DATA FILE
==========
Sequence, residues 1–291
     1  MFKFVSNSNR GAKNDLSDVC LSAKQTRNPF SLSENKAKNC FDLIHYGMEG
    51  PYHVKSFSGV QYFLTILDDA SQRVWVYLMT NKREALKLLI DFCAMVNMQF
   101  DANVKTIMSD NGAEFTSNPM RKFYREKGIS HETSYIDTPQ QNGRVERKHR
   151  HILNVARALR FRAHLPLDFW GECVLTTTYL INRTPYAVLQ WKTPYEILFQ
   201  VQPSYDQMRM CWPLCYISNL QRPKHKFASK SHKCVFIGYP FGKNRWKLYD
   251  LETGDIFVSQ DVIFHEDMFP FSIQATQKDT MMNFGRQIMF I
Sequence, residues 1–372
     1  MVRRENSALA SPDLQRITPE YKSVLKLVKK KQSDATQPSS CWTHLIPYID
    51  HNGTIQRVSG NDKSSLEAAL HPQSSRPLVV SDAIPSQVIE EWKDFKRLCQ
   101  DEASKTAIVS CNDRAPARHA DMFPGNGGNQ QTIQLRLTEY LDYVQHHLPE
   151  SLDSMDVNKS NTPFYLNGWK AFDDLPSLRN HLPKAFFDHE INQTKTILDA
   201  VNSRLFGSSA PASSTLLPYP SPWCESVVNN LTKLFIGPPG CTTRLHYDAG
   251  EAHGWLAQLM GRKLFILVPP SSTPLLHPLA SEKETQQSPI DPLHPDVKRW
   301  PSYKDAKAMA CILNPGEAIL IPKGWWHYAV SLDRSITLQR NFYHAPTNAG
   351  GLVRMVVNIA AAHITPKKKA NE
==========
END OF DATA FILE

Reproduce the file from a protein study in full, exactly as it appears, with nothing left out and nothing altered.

Sequence, residues 1–291
     1  MFKFVSNSNR GAKNDLSDVC LSAKQTRNPF SLSENKAKNC FDLIHYGMEG
    51  PYHVKSFSGV QYFLTILDDA SQRVWVYLMT NKREALKLLI DFCAMVNMQF
   101  DANVKTIMSD NGAEFTSNPM RKFYREKGIS HETSYIDTPQ QNGRVERKHR
   151  HILNVARALR FRAHLPLDFW GECVLTTTYL INRTPYAVLQ WKTPYEILFQ
   201  VQPSYDQMRM CWPLCYISNL QRPKHKFASK SHKCVFIGYP FGKNRWKLYD
   251  LETGDIFVSQ DVIFHEDMFP FSIQATQKDT MMNFGRQIMF I
Sequence, residues 1–372
     1  MVRRENSALA SPDLQRITPE YKSVLKLVKK KQSDATQPSS CWTHLIPYID
    51  HNGTIQRVSG NDKSSLEAAL HPQSSRPLVV SDAIPSQVIE EWKDFKRLCQ
   101  DEASKTAIVS CNDRAPARHA DMFPGNGGNQ QTIQLRLTEY LDYVQHHLPE
   151  SLDSMDVNKS NTPFYLNGWK AFDDLPSLRN HLPKAFFDHE INQTKTILDA
   201  VNSRLFGSSA PASSTLLPYP SPWCESVVNN LTKLFIGPPG CTTRLHYDAG
   251  EAHGWLAQLM GRKLFILVPP SSTPLLHPLA SEKETQQSPI DPLHPDVKRW
   301  PSYKDAKAMA CILNPGEAIL IPKGWWHYAV SLDRSITLQR NFYHAPTNAG
   351  GLVRMVVNIA AAHITPKKKA NE